a, Egyptian; b. Phrygian ; c, Dacian ; d, Roman, Common Soldier ; e, Do. Officer; f, Do, Imperial.

"Ceed of mail.”—When men had realized a means of protecting their heads by strong caps and helmets, they natuTally began soon to think of extending the same protection to other parts of the body. It would be absurd to suppose that every nation adhered to the same rule of progression ; but it may perhaps be stated as a general rule, with large variations, that the progressive kinds of armour were-1. The skins of various animals, and even, in some countries, of birds and fishes. 2. Hides, mats, wood ; linen or woollen padded or folded; strong twisted linen. 3. Leather bordered with metal. 4. Entire plates of metal; but as these were heavy and inflexible, various contrivances were resorted to in order to obtain the security which metal gives, without its rigidity, and without all its weight. For this purpose

, the leather was covered with square pieces of metal, riveted on; or else, embossed pieces of metal were fastened en so as to protect the more important parts of the person, and to serve at once for ornament and use. Sometimes ess

, the defence was formed of bands or hoops of metal, sliding over each other, and therefore yielding to the motions of the body. 5. We then come to what is properly mailed

armour, by which a higher degree of flexibility

was obtained than a metallic covering might be supposed capable of affording. This armour was of several kinds. Leather, linen, I woollen, was covered with rings or with scales. The rings were of various kinds and sizes, and variously disposed. Sometimes they were fixed independently of each other, as in the very fine specimen of Phrygian mail which our woodeut exhibits : in other instances, the rings were twisted into each other, like the links of a chain ; and, in some cases, the rings were set edgewise, as shown in the Egyptian hauberks (fig.

a of the above cut), which Denon copied iruin the walls of Carnac, and which, in Sir S. Meyrick's opinion, affords the earliest known specimen of this kind of amour. Seale armour was that which obtained the same effect by arranging small pieces of metal, cut into the shape of leares, seales, &c., in such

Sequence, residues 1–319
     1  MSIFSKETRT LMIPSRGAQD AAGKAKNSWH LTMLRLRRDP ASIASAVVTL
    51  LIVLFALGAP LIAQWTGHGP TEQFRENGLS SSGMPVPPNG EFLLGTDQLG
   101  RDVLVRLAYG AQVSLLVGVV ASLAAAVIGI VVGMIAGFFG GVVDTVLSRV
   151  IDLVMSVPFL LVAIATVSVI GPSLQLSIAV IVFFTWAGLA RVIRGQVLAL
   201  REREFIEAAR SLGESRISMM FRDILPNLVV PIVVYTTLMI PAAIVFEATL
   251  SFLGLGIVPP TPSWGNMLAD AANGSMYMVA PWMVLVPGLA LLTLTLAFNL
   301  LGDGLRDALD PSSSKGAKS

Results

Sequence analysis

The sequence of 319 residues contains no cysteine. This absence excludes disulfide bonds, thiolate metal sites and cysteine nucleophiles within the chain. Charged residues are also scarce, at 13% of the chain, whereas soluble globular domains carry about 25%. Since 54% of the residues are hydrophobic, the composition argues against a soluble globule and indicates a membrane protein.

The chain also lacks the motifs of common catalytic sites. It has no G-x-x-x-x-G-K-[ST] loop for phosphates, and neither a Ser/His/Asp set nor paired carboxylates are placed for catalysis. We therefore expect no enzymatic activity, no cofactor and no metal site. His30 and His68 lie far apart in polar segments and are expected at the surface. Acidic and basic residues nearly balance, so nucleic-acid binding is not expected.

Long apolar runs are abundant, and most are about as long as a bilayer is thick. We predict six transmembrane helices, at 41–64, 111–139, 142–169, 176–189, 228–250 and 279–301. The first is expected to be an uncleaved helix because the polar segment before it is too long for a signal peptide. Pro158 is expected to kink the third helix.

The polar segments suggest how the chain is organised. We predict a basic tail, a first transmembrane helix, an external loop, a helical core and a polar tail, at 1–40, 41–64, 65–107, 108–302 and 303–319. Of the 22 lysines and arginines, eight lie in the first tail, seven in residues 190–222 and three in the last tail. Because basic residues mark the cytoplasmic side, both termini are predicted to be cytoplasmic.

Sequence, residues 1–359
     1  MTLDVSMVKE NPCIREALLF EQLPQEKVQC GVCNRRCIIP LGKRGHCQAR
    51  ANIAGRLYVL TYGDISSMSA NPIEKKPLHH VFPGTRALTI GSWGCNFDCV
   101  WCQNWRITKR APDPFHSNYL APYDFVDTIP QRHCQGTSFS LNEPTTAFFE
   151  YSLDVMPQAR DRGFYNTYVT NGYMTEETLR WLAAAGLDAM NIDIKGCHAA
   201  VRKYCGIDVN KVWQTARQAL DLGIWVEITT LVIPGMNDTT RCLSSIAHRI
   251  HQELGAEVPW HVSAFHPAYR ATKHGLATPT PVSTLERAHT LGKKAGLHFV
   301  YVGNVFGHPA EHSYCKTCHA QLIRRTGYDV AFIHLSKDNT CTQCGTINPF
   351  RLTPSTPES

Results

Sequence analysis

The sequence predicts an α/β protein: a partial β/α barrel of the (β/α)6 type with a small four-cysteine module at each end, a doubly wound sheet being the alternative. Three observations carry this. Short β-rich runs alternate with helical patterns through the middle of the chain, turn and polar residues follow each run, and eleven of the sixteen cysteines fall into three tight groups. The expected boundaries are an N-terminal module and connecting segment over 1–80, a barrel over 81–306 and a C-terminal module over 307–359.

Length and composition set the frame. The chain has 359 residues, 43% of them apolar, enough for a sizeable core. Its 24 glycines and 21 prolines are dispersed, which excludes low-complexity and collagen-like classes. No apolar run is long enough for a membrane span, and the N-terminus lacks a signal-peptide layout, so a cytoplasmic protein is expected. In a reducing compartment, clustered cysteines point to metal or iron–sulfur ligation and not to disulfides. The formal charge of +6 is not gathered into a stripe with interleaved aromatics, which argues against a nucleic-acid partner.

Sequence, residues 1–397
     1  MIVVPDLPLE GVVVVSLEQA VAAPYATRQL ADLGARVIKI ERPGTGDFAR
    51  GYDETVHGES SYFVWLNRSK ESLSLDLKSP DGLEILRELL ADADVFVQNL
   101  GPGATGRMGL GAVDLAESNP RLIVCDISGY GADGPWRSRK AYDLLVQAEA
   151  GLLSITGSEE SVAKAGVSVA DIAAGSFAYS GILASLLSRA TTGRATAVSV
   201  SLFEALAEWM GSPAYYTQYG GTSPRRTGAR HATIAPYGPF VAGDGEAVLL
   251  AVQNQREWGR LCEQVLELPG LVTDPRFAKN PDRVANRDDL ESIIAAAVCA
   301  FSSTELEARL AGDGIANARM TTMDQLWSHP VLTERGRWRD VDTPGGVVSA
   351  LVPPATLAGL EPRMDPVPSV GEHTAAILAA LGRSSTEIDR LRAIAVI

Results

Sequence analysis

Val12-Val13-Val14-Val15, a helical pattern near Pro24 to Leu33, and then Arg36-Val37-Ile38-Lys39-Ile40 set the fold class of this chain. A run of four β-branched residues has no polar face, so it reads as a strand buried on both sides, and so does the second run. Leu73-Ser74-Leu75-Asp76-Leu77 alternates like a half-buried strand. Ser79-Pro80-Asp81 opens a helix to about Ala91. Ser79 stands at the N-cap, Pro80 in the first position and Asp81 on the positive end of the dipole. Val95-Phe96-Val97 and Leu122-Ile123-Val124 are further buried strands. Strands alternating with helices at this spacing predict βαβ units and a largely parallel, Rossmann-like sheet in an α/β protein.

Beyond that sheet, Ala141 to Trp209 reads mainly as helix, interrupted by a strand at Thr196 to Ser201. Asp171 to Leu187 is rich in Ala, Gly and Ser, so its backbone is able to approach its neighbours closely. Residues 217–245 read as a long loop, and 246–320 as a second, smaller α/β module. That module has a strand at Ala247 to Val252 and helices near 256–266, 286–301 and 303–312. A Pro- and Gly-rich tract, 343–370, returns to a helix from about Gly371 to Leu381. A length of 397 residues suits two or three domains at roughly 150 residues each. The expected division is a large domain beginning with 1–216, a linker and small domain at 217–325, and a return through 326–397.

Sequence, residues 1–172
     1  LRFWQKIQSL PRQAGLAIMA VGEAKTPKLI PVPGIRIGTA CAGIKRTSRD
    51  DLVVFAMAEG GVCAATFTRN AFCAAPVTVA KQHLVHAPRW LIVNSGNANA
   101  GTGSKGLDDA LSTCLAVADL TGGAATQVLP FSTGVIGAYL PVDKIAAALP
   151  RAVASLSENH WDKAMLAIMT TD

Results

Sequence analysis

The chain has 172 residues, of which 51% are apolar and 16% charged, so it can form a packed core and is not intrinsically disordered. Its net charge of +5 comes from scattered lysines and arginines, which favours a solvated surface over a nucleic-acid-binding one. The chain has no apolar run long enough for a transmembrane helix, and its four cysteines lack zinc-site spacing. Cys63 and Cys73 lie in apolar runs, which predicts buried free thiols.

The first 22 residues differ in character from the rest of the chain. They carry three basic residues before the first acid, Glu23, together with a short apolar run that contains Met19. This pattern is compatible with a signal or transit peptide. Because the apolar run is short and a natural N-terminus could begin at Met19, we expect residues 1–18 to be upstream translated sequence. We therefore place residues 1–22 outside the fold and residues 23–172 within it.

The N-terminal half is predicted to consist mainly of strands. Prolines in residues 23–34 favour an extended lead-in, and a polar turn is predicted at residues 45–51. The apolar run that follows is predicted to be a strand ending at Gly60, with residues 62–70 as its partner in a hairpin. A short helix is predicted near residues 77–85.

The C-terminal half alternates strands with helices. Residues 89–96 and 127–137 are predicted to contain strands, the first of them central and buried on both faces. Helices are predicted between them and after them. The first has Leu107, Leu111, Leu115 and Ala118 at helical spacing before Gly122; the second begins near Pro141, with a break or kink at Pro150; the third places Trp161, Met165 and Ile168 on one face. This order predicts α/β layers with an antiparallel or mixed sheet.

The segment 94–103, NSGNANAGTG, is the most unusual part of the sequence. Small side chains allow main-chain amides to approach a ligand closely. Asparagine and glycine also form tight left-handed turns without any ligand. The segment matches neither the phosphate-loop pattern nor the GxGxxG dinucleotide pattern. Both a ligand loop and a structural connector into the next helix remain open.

a manner that they fell over each other like the feathers of a bird, or the scales of a fish. This kind of armour had grown

into extensive use long before it was adopted by the Romans, who regarded it as a characteristic of barbarians—that is, of any nations except themselves and the Greeks. In the time of the emperors, they were, however, led to adopt it from the Dacians and Sarmatians. This scaled armour was not, however, always of metal

; for the last-named people had none such. They were without proper metals, and therefore they collected the hoofs of horses

, and after purifying, cut them into slices, and polished the pieces so as to resemble the scales of a dragon, or a pine cone when green. These scales they sewed together with the sinews of horses and oxen; and the body armour thus manufactured was, according to Pausanias, not inferior

to that of the Greeks either

in elegance or strength. The Emperor Domitian had, after this model, a cuirass of boars' hoofs stitched together; and this, indeed, would seem better adapted to such armour than the hoofs of horses. With such armour as this of scales, or indeed that of rings, any part of the body might be covered ; and, accordingly, we see figures covered with a dress of scale, ring, or chain armour, from head to foot, and even mounted on horses which have the whole body, to the very hoofs,